Alistair demands that simple possession of marijuana be decriminalized

Mr. Alistair MacGregor (Cowichan—Malahat—Langford, NDP):   Madam Speaker, before I begin, I would like to say that I will be splitting my time with the member for the great riding of Port Moody—Coquitlam.

    It is a great honour to be rising to speak to the motion that was brought forward by my friend from Victoria because it is a motion the House really needs to debate. Furthermore, it shines some much-needed sunlight on the absolute confusion and contradictions of the current Liberal government when it comes to marijuana policy. It is a discussion the House needs to have, and more important, it is a discussion that Canadians need to hear.

    We are debating a motion that would recognize the contradiction of continuing to give Canadians criminal records for simple possession of marijuana, after the government has clearly and explicitly stated that it should not be a crime. That is a glaring contradiction and is completely unfair.

    We have heard in the House before, and I am sure many Canadians have heard, that the definition of insanity is to do things over and over again expecting that, even when it brings about the same result, it will bring a different result. That is simply what we are doing in this case with our marijuana laws and it is time we take a closer look at them.

    Cannabis prohibition in Canada has a history that goes back to the 1920s when it was first added to the narcotics drug act as an amendment after a very late night session in April 1923. Its prohibition, going to the United States as well, has also been linked with some of the racial policies as it was seen as an effective tool of controlling Mexican immigrant labour. There is a very clouded history with marijuana prohibition and not all of it was based on completely clear science.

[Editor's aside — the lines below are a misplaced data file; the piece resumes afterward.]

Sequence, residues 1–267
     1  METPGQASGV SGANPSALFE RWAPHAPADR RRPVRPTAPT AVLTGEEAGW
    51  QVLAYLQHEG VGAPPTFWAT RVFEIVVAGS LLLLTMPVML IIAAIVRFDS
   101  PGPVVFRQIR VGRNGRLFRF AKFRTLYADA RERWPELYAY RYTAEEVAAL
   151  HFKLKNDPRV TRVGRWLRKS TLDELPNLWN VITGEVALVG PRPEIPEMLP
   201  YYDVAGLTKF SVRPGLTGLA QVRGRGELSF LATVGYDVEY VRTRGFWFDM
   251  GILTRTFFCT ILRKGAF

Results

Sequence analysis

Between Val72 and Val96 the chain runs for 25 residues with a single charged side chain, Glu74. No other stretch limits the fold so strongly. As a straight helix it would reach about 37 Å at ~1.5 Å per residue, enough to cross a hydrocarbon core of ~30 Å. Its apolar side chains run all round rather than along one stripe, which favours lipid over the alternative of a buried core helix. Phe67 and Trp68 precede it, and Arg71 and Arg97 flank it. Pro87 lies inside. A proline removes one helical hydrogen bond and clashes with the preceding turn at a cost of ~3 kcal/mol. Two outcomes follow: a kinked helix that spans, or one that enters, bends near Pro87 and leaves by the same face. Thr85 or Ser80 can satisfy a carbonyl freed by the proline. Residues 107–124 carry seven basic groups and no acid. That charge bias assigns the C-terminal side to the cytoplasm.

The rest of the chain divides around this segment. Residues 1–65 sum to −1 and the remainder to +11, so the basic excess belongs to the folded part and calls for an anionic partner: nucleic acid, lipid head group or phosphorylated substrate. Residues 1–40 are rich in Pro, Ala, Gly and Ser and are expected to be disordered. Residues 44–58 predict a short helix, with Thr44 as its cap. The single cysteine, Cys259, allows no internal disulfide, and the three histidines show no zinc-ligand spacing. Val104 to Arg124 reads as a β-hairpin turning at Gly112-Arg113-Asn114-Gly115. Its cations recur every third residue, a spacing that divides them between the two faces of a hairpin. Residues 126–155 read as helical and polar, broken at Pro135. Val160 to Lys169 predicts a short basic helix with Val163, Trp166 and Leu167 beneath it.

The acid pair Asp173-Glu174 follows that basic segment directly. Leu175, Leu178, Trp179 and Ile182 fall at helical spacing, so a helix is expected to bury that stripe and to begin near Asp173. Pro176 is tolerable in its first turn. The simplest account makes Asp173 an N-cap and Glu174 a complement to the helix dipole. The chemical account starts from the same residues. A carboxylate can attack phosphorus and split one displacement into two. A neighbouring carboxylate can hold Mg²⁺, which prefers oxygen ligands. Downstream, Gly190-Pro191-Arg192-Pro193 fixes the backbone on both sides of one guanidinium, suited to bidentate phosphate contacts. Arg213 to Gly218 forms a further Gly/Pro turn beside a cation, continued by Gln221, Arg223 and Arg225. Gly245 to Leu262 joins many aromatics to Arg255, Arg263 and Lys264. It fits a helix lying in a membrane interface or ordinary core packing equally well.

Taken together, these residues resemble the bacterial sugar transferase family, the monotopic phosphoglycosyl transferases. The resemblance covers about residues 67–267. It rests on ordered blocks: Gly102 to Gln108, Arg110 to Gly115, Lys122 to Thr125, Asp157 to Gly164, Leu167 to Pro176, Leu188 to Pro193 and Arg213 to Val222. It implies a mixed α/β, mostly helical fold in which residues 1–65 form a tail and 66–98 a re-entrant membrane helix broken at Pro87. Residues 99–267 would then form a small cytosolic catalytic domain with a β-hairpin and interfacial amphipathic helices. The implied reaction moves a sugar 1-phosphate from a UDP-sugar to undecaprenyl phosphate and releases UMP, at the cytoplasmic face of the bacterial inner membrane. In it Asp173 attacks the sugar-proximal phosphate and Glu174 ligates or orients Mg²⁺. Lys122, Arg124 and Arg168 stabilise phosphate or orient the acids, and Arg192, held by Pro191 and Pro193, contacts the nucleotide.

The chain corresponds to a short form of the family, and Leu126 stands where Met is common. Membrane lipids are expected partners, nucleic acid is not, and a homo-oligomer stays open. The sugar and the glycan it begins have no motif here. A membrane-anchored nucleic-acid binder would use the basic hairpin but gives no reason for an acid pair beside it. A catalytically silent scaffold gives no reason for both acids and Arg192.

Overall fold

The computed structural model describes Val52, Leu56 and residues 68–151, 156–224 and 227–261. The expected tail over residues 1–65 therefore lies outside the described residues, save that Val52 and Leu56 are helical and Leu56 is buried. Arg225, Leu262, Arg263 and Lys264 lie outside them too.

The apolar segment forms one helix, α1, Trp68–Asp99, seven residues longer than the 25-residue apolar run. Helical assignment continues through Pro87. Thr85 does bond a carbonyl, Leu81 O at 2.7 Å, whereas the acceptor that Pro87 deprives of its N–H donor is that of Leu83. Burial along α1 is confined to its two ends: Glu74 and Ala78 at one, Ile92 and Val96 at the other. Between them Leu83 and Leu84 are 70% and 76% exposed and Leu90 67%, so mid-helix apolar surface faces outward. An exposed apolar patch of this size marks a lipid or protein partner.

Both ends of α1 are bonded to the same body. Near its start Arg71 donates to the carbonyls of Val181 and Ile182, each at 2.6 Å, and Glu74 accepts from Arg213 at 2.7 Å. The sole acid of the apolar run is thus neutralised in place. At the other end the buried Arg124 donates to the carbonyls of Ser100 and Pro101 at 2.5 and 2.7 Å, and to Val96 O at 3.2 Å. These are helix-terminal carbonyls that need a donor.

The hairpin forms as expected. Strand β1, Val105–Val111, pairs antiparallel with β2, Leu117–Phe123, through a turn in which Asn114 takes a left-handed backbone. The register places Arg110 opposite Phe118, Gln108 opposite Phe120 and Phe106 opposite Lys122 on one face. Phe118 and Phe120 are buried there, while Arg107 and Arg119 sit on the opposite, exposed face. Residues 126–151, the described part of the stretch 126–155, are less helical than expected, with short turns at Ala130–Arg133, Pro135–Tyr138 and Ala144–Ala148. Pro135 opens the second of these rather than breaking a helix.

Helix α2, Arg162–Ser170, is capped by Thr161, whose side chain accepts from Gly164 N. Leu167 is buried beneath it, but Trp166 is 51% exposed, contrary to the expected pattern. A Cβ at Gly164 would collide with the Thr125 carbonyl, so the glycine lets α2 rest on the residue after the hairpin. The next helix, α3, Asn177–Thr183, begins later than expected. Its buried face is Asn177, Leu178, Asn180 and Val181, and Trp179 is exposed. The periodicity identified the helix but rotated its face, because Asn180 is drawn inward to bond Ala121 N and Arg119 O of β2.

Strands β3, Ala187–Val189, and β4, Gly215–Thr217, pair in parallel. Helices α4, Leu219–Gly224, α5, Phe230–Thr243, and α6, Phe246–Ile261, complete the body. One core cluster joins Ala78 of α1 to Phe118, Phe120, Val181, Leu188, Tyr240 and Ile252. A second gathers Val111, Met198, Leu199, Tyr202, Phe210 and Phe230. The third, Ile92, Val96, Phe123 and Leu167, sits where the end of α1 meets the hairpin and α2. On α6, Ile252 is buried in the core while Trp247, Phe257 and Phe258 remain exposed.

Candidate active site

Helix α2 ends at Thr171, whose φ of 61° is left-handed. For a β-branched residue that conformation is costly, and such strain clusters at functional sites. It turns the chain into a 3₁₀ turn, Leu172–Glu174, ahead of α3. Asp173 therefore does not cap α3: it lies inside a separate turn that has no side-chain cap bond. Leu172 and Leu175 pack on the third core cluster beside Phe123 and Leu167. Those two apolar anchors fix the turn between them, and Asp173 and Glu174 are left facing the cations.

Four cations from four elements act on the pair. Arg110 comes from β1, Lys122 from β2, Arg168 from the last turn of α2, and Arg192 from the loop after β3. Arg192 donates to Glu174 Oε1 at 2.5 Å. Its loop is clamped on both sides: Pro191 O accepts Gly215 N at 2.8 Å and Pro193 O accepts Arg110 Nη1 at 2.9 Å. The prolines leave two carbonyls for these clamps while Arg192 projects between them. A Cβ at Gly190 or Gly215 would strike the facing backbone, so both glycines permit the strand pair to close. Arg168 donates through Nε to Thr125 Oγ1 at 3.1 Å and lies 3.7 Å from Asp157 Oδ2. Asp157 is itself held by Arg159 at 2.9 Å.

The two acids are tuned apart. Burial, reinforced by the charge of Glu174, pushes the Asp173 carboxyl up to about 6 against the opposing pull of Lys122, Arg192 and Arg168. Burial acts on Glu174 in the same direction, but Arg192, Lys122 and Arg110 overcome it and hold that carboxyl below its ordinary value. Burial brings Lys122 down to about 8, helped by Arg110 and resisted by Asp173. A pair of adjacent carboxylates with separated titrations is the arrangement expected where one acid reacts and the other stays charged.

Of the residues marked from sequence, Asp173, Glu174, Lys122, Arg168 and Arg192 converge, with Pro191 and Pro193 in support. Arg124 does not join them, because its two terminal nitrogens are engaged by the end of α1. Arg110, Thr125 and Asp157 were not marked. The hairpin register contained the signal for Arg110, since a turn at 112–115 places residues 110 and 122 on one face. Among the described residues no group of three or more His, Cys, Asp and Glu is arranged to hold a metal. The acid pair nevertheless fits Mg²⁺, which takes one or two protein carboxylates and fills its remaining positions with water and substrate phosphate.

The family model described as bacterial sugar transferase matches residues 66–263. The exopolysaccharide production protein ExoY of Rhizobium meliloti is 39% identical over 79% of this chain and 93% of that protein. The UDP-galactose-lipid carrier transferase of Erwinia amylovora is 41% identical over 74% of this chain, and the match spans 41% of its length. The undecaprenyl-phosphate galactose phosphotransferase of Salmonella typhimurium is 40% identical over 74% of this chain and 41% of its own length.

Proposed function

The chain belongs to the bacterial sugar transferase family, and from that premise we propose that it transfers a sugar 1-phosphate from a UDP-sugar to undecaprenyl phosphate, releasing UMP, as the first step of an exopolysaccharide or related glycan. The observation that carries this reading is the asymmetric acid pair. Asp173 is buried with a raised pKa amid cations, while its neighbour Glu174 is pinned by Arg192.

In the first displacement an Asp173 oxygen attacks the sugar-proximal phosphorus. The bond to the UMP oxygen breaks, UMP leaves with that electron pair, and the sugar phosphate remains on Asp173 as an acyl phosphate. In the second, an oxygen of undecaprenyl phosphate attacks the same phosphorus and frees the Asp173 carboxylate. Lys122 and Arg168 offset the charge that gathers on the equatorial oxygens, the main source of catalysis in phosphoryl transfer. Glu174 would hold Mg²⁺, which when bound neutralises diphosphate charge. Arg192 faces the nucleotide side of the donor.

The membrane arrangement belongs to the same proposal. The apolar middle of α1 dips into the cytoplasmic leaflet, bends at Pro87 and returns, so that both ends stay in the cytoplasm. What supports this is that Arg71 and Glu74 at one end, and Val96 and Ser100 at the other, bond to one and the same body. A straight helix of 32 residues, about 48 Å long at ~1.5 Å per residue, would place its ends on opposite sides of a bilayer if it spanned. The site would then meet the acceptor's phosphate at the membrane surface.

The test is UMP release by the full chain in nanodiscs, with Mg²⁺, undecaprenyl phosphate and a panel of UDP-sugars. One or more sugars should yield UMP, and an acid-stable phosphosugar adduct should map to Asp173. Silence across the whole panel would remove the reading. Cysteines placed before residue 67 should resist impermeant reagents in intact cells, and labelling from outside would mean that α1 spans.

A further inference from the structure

Legalizing marijuana was the big campaign item of the Liberal plan. However, since the Liberals have taken office, not very much has been done. It has already been a big change from the Liberal position. In 2009, the Liberals voted with the Conservatives to introduce mandatory minimum sentences for cannabis-related offences, not a sign of a very progressive party back then. We even have former Liberal prime minister Jean Chrétien calling for the decriminalization of marijuana. We see even within the Liberal Party itself there are a few different splits, and the official policy of the government is off base with a lot of those members.

    It is the height of hypocrisy that we have a Liberal government that openly and loudly campaigned on the promise to legalize and regulate marijuana and is now refusing to do anything for Canadians who are found guilty of that possession. The parliamentary secretary to the Minister of Justice continues to repeat that the law is the law is the law, and that he hopes that all Canadians will respect the law. He has made mention of the fact that he is of the opinion that decriminalization would not do anything to protect our children or to remove the profits from criminal activity.

    While I respect the parliamentary secretary's many years as a police officer, his statements are somewhat misleading to the House and to the Canadian public. Let me make this perfectly clear for everyone listening right now. Under our current marijuana laws, the black market is worth $6 billion in British Columbia alone. Criminal sanctions up to this date have completely failed to make a dent in this trade. As for children, let me also inform members of this fact. Under our current prohibition laws, one can go to pretty much any major city in Canada to the nearest street corner, and marijuana will be easier to obtain than either alcohol or tobacco, two products that are strictly regulated by the provincial governments.

     I applaud the fact that the Liberals will be moving ahead with legalization and regulation sometime in the future. However, what we are talking about is the here and now and the continued unfairness of our current regime. Provincial governments regulate alcohol, tobacco, and gambling, and they make millions of dollars off all three. It can be argued quite clearly and with lots of evidence that all three do much more harm to our society than does marijuana, yet look at the laws we have; they are completely unbalanced.

    I of course agree that we must do everything to reduce harm to our children. I am a father of young children and I expect it is a conversation I will have to have with them at some point in the future. However, using the argument that decriminalization would do nothing toward preventing children from using the drug or that it would do nothing against criminal profits is a logical fallacy of the highest degree, especially when the current regime is quite clearly failing in both of these regards right now.